Casual nature lovers and avid bird watchers alike gathered Saturday to compete in an urban nature scavenger hunt held on the light rail.
Participants gathered in Phoenix and rode the light rail in search of local wildlife for the second Railbirds event hosted by the Rio Salado Audubon Center. Although Railbirds had a strong focus on bird watching, the main purpose was to help promote wildlife conservation in Arizona, said Audubon Center development associate Valerie Ramos, who described birding as a “gateway to conservation.”
“Railbirds opens their eyes to the environment around them and the importance of protecting it,” Ramos said.
The 60 participants were split up into five teams that competed to spot the most bird species and mark off items on the scavenger hunt list, including solar panels and birdhouses. For additional points, teams could upload pictures of the items they found on the Audubon Arizona Facebook page.
Railbirds is also a way to familiarize people with Audubon Arizona, Ramos said. Stephanie Lieb, who attended the event for the first time Saturday, said Railbirds did just that, adding that Railbirds was a great way to meet new people.
“I learned more about the organization in general and learned that there are fun activities and events besides just bird watching,” Lieb said.
Not only did Railbirds introduce participants to bird watching, it also was the first time that many contestants rode the light rail. Jeremy and Michaela Pomeory rode the light rail for the first time during the event and found that validating their tickets and riding the rails was pretty straightforward.
Valley Metro Communication Manager Susan Tierney said events like this one are a great way to introduce people to the light rail and demonstrate the impact it has on the community.
“It shows people the added value of the light rail and is a unique way for Audubon Arizona to accomplish their goal of sighting birds,” Tierney said.
Railbirds brings together a wide variety of people, Ramos said. Participants of all ages came out to spot local birds. Isaiah Lopez brought his three children — Naomi, 9, Elijah, 8, and Rebecca, 6 — who said they enjoyed seeing a roadrunner in a saguaro cactus.
“It’s really fun because it brings together a really diverse audience,” said Ramos. “Birders who’ve done it for years and younger people who just want to ride the rails.”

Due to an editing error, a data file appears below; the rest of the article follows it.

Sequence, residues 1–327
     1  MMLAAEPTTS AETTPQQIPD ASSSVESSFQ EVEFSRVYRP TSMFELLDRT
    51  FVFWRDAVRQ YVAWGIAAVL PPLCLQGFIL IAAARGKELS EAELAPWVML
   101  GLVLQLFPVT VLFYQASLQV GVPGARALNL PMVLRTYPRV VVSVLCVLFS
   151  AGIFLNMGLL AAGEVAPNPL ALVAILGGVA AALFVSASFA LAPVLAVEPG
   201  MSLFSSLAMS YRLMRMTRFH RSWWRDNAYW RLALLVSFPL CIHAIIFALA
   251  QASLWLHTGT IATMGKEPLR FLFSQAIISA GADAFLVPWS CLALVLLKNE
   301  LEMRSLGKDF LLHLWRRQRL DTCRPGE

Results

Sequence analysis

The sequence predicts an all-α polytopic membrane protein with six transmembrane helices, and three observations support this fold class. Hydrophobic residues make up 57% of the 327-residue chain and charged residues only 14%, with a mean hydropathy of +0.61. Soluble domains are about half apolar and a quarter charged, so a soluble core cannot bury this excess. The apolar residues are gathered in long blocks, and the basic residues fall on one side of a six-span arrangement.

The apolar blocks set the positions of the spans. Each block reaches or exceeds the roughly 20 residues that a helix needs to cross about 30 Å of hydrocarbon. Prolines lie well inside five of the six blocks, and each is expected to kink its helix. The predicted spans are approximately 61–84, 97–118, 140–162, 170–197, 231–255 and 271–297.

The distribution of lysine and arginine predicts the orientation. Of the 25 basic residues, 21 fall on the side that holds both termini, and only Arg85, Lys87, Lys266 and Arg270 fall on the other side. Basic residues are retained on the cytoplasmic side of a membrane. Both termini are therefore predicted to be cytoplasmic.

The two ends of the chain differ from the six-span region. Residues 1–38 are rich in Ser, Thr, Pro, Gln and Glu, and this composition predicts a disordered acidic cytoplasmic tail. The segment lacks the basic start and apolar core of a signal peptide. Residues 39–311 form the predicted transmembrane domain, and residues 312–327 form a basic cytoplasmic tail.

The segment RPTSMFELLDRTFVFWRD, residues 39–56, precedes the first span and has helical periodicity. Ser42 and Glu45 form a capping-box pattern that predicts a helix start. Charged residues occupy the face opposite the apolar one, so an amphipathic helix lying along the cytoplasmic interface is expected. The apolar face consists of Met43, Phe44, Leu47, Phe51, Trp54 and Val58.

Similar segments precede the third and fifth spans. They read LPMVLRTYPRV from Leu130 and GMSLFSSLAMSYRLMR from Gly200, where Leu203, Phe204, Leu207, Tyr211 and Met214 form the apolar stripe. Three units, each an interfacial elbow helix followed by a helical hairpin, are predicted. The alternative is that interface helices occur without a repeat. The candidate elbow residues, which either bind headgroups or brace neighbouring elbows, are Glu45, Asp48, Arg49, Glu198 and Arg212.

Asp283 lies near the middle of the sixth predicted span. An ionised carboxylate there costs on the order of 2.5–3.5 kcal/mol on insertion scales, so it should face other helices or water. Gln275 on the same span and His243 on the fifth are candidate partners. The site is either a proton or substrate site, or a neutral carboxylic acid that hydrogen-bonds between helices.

Mo Walters, an ASU education professor who attended Railbirds, said she enjoyed the fact that the event was very family friendly and hopes that more children attend in the future. Another Railbirds event may be held next year, Ramos said.
“It’s important to get kids unplugged and outdoors,” Walters said. She added that she enjoyed seeing all of the “nooks and crannies of wildlife” in the urban environment.
The team that observed the most birds spotted 29 different species. The Nashville Warbler was the rarest bird of the day, said Tim Tagtmeyer, who announced the winning team for each of the events. An Acorn Woodpecker, Osprey and Anna’s Woodpecker where just a few of the other birds that were seen along the light rail, said Steve Prager, a teacher at the center.
Scavenger hunters also competed to wear the best costumes. Tiffany Sprague dressed as a black-footed ferret. A zombie birdwatcher and Raggedy Anne were a couple of the other outfits that participants wore to compete for the award.
After the scavenger hunt, participants convened at the Rio Salado Audubon Center located two miles south of the city for the award presentation. The center, Ramos said, is accessible to an urban audience. The Audubon center holds many events that promote the message of conservation through advocacy, Ramos said.
River Nights is the next event for the center, Ramos said. The event will be held at the Rio Salado Audubon Center on November 16 and will feature the Bad Cactus Brass Band. The overall winners of Railbirds were awarded tickets to this event.
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